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Entries in success! (3)


Keepin' track of what and where

Happy Friday!

Writer and playwright Monica Byrne (who I discovered through the blog of playwright and actress Emily Kaye Lazzaro) posted an amazing piece about success and rejection:

  1. Of all the things I’ve ever submitted to or applied for, I’ve gotten 3% of them.
  2. I’ve been rejected before being accepted. See: FringeNYC, Millay Colony for the Arts, Shimmer, Impact Theatre, North Carolina Arts Council Fellowship.
  3. I’ve been rejected after being accepted. See: Durham Emerging Artist Grant, and God knows more to come.
  4. A work’s rejection rate has no clear relationship to its eventual success. In various guises, The Girl in the Road and What Every Girl Should Know have each been rejected 67 times.
  5. Of all submissions I made to theaters that accepted unsolicited submissions, 68% never replied at all.
  6. My personal rejection rate is 17%, which is great and kept me afloat a number of times. (Thank you, anyone who ever took the time to write me.)
  7. Yes, I’ve written exactly one erotica story. It’s about a trip to the ophthalmologist. It’s great.
  8. The same week my huge publishing deal went down, I was rejected from the third of three MFA programs I’d applied to. C’est la vie!

Read the rest here!

In particular, be sure to look at the spreadsheet she uses to keep track of what she's submitted and where. Wow.

If that doesn't inspire you to up your game, I'm uncertain anything will.

See you Sunday with Week 25's story!


In which your thoughts are PROVOKED

From jeffjlin.com, a different reading of director Ang Lee's career than you might usually see:

From age 30 to 36, he’s living in an apartment in White Plains, NY trying to get something — anything — going, while his wife Jane supports the family of four (they also had two young children) on her modest salary as a microbiologist. He spends every day at home, working on scripts, raising the kids, doing the cooking. That’s a six-year span — six years! — filled with dashed hopes and disappointments. “There was nothing,” he told The New York Times. “I sent in script after script. Most were turned down. Then there would be interest, I’d rewrite, hurry up, turn it in and wait weeks and weeks, just waiting. That was the toughest time for Jane and me. She didn’t know what a film career was like and neither did I.”


Put yourself in his shoes. Imagine starting something now, this year, that you felt you were pretty good at, having won some student awards, devoting yourself to it full time…and then getting rejected over and over until 2019. That’s the middle of the term of the next President of the United States. Can you imagine working that long, not knowing if anything would come of it? Facing the inevitable “So how’s that film thing going?” question for the fifth consecutive Thanksgiving dinner; explaining for the umpteeth time this time it’s different to parents that had hoped that film study meant you wanted to be a professor of film at a university.


Of course, looking at the Ang Lee story now, who wouldn’t want to trade places: what’s six, seven, ten, even more years if you knew it would result in massive worldwide commercial and critical success? It’s common to hear “follow your bliss” or “do what you love and success follows.” Sounds great, right? Except here’s one small detail: You never get to know if it’s ever going to happen. You don’t get to choose if and in what form the success manifests; you don’t get to choose when it arrives.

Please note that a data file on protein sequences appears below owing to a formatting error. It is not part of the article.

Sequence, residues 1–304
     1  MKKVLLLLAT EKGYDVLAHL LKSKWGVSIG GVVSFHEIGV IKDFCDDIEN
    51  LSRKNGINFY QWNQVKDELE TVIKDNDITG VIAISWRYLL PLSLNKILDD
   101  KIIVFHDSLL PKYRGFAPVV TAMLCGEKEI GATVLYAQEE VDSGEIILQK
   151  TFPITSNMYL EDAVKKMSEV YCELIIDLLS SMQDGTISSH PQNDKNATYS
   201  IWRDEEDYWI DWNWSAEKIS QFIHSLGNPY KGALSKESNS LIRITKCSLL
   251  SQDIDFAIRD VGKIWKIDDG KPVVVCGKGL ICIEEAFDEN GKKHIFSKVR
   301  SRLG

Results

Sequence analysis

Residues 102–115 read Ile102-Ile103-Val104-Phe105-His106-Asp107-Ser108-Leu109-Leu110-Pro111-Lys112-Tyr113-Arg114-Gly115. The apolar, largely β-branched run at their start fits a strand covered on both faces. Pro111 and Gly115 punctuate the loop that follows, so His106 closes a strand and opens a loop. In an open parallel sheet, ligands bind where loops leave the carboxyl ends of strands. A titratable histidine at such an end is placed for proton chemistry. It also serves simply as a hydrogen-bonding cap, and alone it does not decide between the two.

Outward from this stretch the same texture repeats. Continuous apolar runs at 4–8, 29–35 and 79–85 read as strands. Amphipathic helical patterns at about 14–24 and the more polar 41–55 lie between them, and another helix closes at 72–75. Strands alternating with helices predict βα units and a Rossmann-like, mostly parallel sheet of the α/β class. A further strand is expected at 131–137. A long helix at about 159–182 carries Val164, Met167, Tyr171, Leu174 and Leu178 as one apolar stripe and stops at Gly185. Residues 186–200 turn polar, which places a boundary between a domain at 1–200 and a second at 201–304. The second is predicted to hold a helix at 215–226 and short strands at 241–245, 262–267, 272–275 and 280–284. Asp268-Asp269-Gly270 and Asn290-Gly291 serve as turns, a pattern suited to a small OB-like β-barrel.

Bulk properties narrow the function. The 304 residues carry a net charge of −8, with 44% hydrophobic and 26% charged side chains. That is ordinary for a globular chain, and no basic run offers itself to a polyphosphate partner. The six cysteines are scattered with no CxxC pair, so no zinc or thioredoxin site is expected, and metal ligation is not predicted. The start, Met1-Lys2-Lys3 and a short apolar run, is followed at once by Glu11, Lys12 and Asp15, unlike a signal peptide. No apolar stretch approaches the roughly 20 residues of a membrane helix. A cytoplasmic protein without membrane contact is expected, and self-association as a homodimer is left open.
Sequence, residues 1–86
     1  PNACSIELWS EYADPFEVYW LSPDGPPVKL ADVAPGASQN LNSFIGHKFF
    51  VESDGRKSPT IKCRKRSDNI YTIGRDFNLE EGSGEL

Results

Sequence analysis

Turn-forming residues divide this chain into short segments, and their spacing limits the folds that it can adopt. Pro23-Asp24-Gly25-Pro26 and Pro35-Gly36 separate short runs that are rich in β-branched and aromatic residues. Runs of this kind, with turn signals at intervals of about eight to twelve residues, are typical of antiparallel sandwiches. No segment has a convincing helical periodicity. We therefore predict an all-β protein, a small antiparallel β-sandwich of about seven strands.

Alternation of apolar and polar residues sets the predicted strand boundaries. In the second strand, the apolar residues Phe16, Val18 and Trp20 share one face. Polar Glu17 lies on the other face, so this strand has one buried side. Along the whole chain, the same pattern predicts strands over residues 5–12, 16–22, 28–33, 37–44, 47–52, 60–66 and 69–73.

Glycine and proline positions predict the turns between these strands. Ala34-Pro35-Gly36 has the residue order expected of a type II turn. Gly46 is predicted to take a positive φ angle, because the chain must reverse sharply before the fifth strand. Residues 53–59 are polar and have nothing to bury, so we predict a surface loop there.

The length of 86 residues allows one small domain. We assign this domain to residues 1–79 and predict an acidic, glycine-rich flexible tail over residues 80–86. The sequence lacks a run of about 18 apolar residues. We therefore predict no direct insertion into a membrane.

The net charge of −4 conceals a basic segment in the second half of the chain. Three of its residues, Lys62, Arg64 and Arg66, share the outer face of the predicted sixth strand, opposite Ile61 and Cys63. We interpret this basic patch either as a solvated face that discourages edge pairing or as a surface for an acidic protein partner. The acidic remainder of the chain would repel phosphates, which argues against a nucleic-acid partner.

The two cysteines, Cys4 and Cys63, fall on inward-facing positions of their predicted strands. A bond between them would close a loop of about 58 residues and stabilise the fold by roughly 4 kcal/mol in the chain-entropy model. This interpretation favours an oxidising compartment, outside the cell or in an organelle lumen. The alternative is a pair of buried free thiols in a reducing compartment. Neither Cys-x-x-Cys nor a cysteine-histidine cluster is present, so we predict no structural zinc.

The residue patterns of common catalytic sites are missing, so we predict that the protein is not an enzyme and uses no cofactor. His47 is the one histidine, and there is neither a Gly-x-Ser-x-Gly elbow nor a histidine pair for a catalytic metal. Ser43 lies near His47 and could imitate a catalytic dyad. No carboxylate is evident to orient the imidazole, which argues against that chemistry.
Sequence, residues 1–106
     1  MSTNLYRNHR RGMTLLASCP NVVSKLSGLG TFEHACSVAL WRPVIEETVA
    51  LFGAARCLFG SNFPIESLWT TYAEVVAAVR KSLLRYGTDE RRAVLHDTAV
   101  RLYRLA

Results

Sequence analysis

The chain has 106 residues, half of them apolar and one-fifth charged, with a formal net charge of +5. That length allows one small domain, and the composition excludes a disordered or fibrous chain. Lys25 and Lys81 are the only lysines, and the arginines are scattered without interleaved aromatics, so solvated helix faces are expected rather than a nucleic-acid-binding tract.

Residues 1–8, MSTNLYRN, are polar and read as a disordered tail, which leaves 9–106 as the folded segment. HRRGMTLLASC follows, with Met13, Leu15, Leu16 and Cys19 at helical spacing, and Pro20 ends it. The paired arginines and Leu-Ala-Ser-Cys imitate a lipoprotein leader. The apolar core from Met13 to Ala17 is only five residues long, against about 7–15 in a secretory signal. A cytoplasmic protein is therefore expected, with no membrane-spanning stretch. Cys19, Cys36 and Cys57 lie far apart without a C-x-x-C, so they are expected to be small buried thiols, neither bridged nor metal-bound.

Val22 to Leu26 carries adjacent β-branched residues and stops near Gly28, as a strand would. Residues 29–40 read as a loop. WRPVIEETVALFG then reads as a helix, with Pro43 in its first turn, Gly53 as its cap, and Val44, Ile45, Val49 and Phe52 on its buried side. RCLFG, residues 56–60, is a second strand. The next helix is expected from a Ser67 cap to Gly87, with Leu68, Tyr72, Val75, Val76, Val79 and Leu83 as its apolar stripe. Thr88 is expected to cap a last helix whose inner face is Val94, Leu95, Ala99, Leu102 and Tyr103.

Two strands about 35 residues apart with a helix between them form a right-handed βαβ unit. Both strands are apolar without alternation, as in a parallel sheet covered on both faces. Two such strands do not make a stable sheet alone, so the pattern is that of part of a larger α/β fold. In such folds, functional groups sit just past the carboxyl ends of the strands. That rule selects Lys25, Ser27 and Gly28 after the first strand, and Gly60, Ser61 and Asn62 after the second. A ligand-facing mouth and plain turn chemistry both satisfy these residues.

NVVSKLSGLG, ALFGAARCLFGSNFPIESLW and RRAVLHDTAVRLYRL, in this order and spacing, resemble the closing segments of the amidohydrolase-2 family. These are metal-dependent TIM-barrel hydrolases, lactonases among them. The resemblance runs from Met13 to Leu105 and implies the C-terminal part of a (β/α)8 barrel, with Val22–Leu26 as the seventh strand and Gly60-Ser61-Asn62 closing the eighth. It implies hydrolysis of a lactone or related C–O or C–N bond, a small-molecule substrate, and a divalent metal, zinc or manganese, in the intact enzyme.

Read the whole thing here!

I think about stuff like this a lot. How, once there's great success, the narrative of a person's life seems to gain this sense of inevitability. You know intellectually that Ang Lee, Stephen King, J.K. Rowling, et al. worked and suffered and doubted and then worked some more, but it's difficult to imagine that they would or even could have given up.

But they could have! Of course they could have. But those aren't really the stories you hear. Those who have a dream but also debt and commitments and god forbid a family... when exactly does mortgaging your happiness today for maybe possibly a better tomorrow stop being admirable and start being selfish... if not outright destructive? One year? Two? Six? Ten? Twenty?

I think it's interesting because it's a question I sometimes struggle with. Every day is a juncture that could go either way. I could decide tomorrow that I'm not going to get up at 6:30am anymore to write. And I could invest all this time and energy into things I know will pay me and help me to build a better life. And ultimately whatever I decide to do will be my story. No one would feel the loss of whatever stories I might have published but didn't. 

Ang Lee could have been your friendly neighbor who worked in IT and made kickass home movies of his kids. That's a thousand times more likely than what did happen.

Anyway, great article.


Week Seven: Live on Stage!

Just a quick post to let y'all know that a revised version of Week Seven's short play will be appearing in this year's Hovey Summer Shorts Festival! [Here's an article about last year's show.] 

As I wrote in Week Seven's reflections, growing up a bit has helped my writing quite a lot. Being accepted into a festival such as this was my holy grail toward the end of college, but in truth I wasn't ready. At that time, writing was about the end result, not the process. Hence the procrastination. Hence the reluctance to start something new when the last thing I wrote didn't earn the accolates I craved.

Now it's all (okay, mostly all) about the process. Which is exactly where I'm supposed to be.

Huge thanks to everyone who read and enjoyed Week Seven or any of these weekly challengesyour continued interest is the reason I received the exciting email I did this morning.